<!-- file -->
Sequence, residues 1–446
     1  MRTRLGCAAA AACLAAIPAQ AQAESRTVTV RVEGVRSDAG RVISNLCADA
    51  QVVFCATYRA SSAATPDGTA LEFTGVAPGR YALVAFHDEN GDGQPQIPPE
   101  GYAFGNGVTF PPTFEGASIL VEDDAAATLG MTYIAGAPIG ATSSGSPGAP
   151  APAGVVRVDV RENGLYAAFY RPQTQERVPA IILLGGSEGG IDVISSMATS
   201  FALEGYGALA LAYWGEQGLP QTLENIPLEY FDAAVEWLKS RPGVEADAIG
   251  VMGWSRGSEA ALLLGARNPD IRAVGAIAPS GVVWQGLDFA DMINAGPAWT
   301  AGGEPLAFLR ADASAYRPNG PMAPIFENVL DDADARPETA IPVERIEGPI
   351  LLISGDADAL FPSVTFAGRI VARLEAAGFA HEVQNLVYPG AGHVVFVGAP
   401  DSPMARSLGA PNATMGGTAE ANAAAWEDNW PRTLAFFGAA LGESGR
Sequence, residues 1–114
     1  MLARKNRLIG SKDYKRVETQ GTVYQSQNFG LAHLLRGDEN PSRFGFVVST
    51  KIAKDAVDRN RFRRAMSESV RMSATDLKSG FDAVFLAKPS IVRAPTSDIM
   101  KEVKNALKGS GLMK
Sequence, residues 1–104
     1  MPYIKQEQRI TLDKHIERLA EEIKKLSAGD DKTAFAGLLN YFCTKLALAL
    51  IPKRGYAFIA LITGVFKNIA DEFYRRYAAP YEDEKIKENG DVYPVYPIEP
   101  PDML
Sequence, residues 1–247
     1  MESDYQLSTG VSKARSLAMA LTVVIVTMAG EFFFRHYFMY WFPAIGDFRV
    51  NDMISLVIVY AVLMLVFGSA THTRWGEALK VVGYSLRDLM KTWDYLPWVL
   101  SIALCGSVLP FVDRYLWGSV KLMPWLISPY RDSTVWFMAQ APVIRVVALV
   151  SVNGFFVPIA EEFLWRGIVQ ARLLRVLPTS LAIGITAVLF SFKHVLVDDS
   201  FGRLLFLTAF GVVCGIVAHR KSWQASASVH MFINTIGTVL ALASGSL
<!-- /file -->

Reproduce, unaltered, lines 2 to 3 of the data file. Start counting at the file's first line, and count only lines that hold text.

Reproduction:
     1  MRTRLGCAAA AACLAAIPAQ AQAESRTVTV RVEGVRSDAG RVISNLCADA
    51  QVVFCATYRA SSAATPDGTA LEFTGVAPGR YALVAFHDEN GDGQPQIPPE